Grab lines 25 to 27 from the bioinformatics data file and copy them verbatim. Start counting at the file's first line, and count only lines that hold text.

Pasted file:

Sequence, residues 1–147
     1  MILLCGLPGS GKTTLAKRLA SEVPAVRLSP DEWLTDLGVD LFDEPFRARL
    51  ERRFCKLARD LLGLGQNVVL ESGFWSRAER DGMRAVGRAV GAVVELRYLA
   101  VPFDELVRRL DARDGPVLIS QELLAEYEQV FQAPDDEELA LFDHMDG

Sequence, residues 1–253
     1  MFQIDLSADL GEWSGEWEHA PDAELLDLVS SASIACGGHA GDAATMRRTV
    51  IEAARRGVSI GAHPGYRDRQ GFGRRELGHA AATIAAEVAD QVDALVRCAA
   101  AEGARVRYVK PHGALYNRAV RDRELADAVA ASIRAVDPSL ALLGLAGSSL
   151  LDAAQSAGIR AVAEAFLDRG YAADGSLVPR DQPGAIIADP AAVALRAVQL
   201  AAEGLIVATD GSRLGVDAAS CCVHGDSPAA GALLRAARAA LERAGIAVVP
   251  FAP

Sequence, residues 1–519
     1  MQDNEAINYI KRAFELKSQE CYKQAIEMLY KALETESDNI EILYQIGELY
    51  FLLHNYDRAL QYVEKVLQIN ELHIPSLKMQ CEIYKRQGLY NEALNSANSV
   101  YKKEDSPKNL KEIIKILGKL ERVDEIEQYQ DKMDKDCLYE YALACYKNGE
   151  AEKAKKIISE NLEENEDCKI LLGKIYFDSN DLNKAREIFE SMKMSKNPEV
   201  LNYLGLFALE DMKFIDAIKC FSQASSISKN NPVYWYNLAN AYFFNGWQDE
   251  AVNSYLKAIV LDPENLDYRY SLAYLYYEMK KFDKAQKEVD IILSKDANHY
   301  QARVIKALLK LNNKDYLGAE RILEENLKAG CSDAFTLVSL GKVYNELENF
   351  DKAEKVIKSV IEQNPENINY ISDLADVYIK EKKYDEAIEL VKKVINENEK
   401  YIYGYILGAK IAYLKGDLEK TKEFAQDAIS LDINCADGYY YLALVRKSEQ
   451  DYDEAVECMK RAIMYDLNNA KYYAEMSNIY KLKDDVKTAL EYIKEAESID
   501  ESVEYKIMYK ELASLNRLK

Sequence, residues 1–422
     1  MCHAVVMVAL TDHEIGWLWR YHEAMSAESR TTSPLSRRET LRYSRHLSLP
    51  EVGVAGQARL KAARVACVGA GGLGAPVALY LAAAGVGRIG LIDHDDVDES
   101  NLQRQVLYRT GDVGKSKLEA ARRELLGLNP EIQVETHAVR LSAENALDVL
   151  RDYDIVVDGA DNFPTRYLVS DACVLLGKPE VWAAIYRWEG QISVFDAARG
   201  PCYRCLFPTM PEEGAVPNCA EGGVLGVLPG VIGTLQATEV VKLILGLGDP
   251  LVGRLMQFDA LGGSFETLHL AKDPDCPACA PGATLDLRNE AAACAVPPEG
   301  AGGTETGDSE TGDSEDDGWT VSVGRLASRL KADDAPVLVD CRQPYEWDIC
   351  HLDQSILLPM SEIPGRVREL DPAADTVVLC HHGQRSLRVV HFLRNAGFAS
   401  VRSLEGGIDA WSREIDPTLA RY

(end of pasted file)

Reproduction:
     1  MCHAVVMVAL TDHEIGWLWR YHEAMSAESR TTSPLSRRET LRYSRHLSLP
    51  EVGVAGQARL KAARVACVGA GGLGAPVALY LAAAGVGRIG LIDHDDVDES
   101  NLQRQVLYRT GDVGKSKLEA ARRELLGLNP EIQVETHAVR LSAENALDVL